City of Gloucester Offers Boat Safety Tips


Friday, June 28, 2019

Media Contact: John Guilfoil
Phone: 617-993-0003
Email: [email protected]

City of Gloucester Offers Boat Safety Tips

GLOUCESTER –With the summer season in full swing, Mayor Sefatia Romeo Theken, Police Chief Edward Conley, Fire Chief Eric Smith and Harbormaster T.J. Ciarametaro wish to share boating safety tips for Gloucester residents and visitors.

The U.S. Coast Guard reports that there were 4,291 boating accidents in 2017, which resulted in 658 deaths, 2,629 injuries, and an estimated $46 million in property damage.

“Gloucester is fortunate to have a vibrant harbor and access to the ocean to support recreational boating, and we want everyone to enjoy their time on the water,” Harbormaster Ciarametaro said. “It’s imperative that everyone is responsible and safe while operating their boats, however. Taking a boating course and getting a free vessel check can save a life.”

“It’s crucial for people to check the weather before they go out on the water, children wear life jackets, and no one operates a boat while under the influence of alcohol or drugs,” Chief Smith said. “It’s also important for everyone to take steps to protect themselves from the elements while they’re boating, which includes wearing sunscreen, staying hydrated and packing a change of clothes.”

To prevent accidents and injury, the National Safety Council offers several safety tips for boaters:

  • Take a boating safety course. Click here to locate a local boating safety course through the U.S. Coast Guard’s Boating Safety Division’s website.
  • Get a free vessel safety check. The U.S. Coast Guard Auxiliary and U.S. Power Squadrons offer complimentary boat examinations to verify the presence and condition of certain safety equipment required by state and federal regulations.
  • Know the state boating laws. To read a summary of Massachusetts boating law, click here.
  • Be aware of carbon monoxide and carbon monoxide symptoms, which include headache, fatigue, shortness of breath, nausea and dizziness. In severe carbon monoxide poisoning cases, symptoms also include mental confusion, vomiting, loss of muscular coordination, loss of consciousness and death. Maintain fresh air circulation throughout the boat and educate all passengers about where carbon monoxide may accumulate.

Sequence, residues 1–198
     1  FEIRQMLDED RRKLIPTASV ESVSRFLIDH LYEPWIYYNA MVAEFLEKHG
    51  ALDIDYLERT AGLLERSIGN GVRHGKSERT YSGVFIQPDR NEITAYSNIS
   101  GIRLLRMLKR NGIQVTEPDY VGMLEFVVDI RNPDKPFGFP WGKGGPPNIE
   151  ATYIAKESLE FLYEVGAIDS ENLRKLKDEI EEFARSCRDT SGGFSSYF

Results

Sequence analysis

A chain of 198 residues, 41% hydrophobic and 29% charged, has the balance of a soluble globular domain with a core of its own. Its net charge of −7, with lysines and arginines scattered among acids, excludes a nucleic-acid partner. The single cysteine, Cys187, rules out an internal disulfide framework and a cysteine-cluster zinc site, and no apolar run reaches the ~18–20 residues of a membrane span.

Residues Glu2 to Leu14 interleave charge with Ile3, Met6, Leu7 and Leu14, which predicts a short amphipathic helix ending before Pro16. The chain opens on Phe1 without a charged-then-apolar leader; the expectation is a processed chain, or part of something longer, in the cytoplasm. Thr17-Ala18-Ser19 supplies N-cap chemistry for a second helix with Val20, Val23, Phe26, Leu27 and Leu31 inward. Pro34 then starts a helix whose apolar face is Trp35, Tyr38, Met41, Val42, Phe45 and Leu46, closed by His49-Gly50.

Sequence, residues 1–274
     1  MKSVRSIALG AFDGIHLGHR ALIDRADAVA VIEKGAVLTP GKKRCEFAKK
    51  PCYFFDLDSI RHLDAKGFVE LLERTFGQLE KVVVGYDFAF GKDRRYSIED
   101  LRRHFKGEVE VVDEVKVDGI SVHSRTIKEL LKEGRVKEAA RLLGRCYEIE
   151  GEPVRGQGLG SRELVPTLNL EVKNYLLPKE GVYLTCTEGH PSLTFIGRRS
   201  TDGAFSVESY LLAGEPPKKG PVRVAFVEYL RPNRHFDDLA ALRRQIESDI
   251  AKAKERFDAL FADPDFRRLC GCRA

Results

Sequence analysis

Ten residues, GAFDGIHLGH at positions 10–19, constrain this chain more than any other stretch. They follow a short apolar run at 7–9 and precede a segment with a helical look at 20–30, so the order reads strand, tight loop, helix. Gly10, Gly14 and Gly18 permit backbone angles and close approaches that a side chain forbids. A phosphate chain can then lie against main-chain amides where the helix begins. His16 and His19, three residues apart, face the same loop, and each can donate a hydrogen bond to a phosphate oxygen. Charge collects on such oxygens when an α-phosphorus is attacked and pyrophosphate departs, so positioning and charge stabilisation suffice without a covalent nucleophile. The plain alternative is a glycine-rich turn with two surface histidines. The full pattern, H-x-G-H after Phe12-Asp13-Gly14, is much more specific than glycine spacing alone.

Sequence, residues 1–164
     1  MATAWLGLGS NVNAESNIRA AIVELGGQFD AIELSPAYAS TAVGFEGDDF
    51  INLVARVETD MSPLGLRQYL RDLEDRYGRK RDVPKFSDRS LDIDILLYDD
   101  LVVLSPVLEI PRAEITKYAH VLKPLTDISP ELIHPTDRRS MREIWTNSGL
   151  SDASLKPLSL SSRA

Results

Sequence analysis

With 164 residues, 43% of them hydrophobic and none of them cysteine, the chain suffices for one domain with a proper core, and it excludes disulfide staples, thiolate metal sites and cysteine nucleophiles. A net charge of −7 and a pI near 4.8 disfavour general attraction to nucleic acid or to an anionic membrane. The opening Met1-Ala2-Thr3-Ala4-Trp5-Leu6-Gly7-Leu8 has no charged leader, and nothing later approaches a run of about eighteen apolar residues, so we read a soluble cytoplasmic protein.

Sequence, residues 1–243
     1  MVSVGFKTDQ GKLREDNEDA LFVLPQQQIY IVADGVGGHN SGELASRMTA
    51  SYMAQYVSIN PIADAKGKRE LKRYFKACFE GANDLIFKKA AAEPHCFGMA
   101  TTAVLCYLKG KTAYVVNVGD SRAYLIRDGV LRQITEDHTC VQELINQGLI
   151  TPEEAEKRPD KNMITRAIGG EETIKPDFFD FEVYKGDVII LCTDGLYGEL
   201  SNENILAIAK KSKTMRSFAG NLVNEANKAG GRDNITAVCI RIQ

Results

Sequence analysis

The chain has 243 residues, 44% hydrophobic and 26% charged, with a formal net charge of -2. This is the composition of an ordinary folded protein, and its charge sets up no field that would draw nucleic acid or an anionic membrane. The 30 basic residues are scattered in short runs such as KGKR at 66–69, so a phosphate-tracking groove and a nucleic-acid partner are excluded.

• Follow a pre-departure checklist. Make a list of necessary gear and check it before departing from a dock or land. To review federal requirements for recreational boats, click here.
  • Develop a float plan. Let a family member or staff at a local marina know where you’re going and how long you’re going to be gone. A float plan can include the following information: name, address, phone number of trip leader and passengers, boat type and registration information, trip itinerary and types of communication and signal equipment on-board. The U.S. Coast Guard Auxiliary offers a free float plan template.
  • Bring an extra set of clothes and dress appropriately for the weather.
  • Wear sunscreen.
  • Know the nautical rules of the road. Maintain a proper lookout, be respectful of buoys and other navigational aids.
  • Avoid alcohol. Operating a boat while intoxicated is illegal. Nearly half of all boating accidents involve alcohol. Designate a sober skipper before leaving the dock.
  • Watch the weather. Always check local, route and destination weather and water conditions before going boating. If you notice the weather changing suddenly or see storm clouds, it’s recommended you go back to land. 
  • Before leaving, make sure the towline is not stuck in the propeller or wrapped around you.
  • Stay clear of the engine. Drivers should wear the boat’s engine cut-off switch lanyard at all times. Keep watch around the propeller area when people are in the water. Never allow passengers to board or exit your boat from the water when engines are on, or idling. Take extra precautions near boats towing skiers or tubers.
  • Enjoy recreational activities during daylight hours.
  • Practice sun safety: always wear sunscreen, seek shaded areas and protect your skin from direct sun exposure.

The City of Gloucester also reminds boaters never to speed, especially in crowded areas; to give large vessels that cannot turn quickly a wide berth; and never swim in a marina.